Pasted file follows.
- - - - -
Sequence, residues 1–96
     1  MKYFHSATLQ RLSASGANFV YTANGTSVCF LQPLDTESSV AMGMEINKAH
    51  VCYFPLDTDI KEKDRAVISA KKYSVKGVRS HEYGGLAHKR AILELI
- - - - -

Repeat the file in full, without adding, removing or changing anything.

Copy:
Sequence, residues 1–96
     1  MKYFHSATLQ RLSASGANFV YTANGTSVCF LQPLDTESSV AMGMEINKAH
    51  VCYFPLDTDI KEKDRAVISA KKYSVKGVRS HEYGGLAHKR AILELI